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mikesedge noticed the discovery of the world's oldest lapine bones, some 53 million years old, with the foot about a quarter of the length of a contemporary jackrabbit foot.

It's time to Riverdance. =:D

Quite a fascinating concept for learning languages in SL - construct a dozen or so sims, and populate them with professional actors, thereby offering an immersive environment far beyond what a potted offline program could offer.

If you can make good machinima, the Hosoi Ichiba contest offers a prize of L$50k to the winner, with entries closing on June 15. (Full rules in the article, but essentially: "We are looking for artists that can compose the Best Machinima Impression of our Hosoi Ichiba and surroundings on Virgin Island. Hosoi Ichiba is a japanese style market enclosed by walls and watch towers, overlooking a beautiful landscape. Outside the walls you will find Hosoi Yu Ch'un, a typical japanese fishing village and the farming village, "Hosoi Lung Ch'un" The sim is packed with romantic spots for you to build your story around."

How complicated could it be to find a reasonable cordless phone? :-P One of the first things I picked up over the weekend was a replacement for the warren's old one, which has a somewhat ropey recorder (digital, rather low quality), flaky trasmitter, and sticky buttons. One of the few on offer at the supermarket looked like it fit the bill and wasn't too ugly, and a good price. Except once set up, we started to notice the shortcomings - not being able to play messages back from the base station wasn't too huge a matter, but a minor complication. Worse, though, was the way it had no audible alert messages were waiting - you were expected to inspect the handset display for a flashing icon, and that's it. Not so hot. More bizarre, though, was the way to listen to messages - a primary function for a phone/answering machine, you'd think. Except, judging by the menu design, no - you had to enter the menu, then go down six options to the messages submenu, then select listening to them. Blarg. I wouldn't enjoy that, and it didn't thrill my mother, who's somewhat ill at ease with technology beyond TVs and microwaves.

Riverdancing birds. How wonderfully bizarre. :)

says the surfing bunny....
*grin* It's just such a wonderfully surreal bit of humor, ne? Reminds me a bit of Terry Gilliam's animated works - for whatever reason, I took to those very early on, even when the rest of MPFC didn't really make much sense to me. ^_^ (Sadly, ISTR it was being aired quite late, so I only got to see it now and then, if I couldn't sleep. Obviously often enough to do the damage, though =:)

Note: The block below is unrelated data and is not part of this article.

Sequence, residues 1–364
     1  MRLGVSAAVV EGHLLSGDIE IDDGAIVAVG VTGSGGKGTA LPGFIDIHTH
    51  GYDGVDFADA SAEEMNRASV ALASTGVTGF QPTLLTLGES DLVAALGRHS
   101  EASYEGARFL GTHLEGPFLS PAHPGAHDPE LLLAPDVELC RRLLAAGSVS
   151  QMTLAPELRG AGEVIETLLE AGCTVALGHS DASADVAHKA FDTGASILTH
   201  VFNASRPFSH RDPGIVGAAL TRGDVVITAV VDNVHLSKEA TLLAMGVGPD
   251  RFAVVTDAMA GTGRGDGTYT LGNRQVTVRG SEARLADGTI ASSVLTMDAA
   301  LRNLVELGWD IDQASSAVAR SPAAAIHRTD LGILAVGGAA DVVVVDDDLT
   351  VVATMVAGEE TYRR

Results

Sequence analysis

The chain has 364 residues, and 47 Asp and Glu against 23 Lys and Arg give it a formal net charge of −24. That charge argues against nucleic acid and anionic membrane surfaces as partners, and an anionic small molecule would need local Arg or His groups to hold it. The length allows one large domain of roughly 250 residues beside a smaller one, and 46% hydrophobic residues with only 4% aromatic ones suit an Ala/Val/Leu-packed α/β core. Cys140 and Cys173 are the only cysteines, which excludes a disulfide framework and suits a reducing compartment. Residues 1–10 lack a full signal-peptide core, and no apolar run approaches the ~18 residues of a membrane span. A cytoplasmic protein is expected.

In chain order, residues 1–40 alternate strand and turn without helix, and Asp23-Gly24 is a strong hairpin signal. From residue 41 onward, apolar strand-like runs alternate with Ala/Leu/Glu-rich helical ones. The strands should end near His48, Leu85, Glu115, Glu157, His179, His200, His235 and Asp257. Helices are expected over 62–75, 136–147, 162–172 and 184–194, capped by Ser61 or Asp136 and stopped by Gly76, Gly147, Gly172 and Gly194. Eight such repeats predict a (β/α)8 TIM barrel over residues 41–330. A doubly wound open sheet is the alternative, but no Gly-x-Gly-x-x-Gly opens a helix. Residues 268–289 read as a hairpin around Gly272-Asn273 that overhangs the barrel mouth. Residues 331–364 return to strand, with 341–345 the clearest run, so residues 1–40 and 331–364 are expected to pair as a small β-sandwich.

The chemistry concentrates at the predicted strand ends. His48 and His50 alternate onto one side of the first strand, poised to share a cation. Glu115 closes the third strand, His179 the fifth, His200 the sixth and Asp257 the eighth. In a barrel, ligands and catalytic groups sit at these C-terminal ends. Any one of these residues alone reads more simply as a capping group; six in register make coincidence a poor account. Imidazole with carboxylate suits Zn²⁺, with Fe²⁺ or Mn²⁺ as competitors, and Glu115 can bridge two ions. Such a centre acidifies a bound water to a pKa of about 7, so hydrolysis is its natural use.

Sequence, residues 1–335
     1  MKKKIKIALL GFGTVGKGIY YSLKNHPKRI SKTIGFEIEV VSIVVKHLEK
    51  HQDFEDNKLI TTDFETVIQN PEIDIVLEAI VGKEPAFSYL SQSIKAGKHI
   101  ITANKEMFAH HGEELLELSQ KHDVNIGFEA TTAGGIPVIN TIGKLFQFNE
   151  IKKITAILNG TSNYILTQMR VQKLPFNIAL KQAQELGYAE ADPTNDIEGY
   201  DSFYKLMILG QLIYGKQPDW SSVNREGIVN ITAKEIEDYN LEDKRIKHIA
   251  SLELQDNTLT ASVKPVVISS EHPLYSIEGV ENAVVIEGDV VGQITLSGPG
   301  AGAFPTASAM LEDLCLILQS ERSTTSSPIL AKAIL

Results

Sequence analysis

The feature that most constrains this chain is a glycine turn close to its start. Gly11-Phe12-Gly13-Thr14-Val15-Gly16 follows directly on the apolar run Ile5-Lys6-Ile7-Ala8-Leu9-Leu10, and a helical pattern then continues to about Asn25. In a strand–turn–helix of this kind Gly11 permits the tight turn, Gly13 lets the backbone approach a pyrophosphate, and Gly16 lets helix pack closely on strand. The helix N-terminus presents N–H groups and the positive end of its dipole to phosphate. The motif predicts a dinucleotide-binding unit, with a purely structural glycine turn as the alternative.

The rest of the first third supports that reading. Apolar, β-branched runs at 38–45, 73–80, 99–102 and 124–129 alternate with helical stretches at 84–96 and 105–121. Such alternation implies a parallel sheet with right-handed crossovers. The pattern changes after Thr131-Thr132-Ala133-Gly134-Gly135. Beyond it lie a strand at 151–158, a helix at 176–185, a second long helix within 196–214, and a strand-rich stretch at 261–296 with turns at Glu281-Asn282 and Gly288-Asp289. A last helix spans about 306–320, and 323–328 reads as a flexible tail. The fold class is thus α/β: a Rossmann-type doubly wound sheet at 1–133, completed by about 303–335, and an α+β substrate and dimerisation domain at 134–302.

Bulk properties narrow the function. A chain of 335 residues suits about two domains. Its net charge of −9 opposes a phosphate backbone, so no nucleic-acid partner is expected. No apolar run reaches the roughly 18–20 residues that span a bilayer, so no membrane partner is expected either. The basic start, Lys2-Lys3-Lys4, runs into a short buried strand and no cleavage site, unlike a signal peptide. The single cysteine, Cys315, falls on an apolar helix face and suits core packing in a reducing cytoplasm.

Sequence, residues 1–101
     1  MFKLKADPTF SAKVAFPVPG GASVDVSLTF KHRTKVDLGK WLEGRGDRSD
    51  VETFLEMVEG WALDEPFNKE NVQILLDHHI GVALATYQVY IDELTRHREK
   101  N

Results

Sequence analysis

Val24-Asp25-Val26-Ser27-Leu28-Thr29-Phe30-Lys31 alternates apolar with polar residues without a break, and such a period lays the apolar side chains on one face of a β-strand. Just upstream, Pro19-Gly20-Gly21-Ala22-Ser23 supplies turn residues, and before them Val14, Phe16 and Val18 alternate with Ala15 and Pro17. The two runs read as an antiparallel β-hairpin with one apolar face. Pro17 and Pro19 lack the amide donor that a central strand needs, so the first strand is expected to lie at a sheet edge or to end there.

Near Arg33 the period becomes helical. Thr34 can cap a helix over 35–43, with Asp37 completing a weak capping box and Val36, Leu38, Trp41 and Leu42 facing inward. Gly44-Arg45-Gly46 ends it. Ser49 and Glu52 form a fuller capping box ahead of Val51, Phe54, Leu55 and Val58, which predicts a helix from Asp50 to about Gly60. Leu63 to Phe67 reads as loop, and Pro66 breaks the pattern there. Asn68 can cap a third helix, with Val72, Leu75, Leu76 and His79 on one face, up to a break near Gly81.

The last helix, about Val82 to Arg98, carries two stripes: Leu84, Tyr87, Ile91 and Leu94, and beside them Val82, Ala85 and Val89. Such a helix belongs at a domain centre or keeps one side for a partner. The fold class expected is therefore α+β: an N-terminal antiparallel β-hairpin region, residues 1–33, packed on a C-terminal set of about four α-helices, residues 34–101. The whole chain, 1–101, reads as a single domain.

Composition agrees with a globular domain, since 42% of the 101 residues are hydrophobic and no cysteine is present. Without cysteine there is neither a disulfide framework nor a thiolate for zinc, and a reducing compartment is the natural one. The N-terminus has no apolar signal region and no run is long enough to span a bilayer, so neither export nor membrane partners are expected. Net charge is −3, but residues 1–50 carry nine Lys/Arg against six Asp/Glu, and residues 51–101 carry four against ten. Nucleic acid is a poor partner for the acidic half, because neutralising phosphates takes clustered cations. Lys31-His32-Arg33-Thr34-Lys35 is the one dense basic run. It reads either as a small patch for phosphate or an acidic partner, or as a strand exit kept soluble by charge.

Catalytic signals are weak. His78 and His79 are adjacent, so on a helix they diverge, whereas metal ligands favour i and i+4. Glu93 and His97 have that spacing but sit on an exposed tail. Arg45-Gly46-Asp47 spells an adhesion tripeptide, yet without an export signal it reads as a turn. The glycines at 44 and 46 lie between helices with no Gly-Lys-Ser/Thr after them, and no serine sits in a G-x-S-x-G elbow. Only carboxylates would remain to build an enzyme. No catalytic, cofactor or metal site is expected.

Alas, until Canada gets a good flatrate cell dataplan - devices like that are wallet grenades.

Oddly, we have a pre-WiMAX (Expedience) network up here that's a much better deal, and there's a PCMCIA and ExpressCard 54 card for it - but neither Bell nor Rogers carry them, nor will they allow customer to connect with one.

That's the key, of course - the technology's all available, and pretty much in place everywhere cell towers are around, but so many cellcos are fixated upon the notion of trying to get $3 for a ringtone (and amazingly, people go for them, in huge numbers), another few shekels for a picture sent, more for a text message.. rather than just letting people play with a connection.

But if you really want to feel ill about how clueless executives can screw up infrastructure, have a look at DoCoMo's current testing of their super-GSM data service, with a view to deployment in 2010 - 250Mbps.

At that point, things will become quite interesting, assuming the tech can genuinely withstand heavy usage without dropping to a snail's pace - will NTT begin promoting such as a landline broadband replacement? It's difficult to see the throughput not falling with real-world heavy usage, but there would still be plenty of leeway for such to offer faster connections than DSL or most cable, with no installation hassles - as easy as this was, a matter of buying the modem and a top-up to turn into a 7GB data allowance, with said allowance costing less than my monthly DSL subscription. But with so much conflict of interest in many countries' providers, especially Canada (incumbent main telco, and the primary cable provider, ne?), some politicians may face a modicum of pressure to encourage greater competition, and perhaps risk some of their corporate benevolence.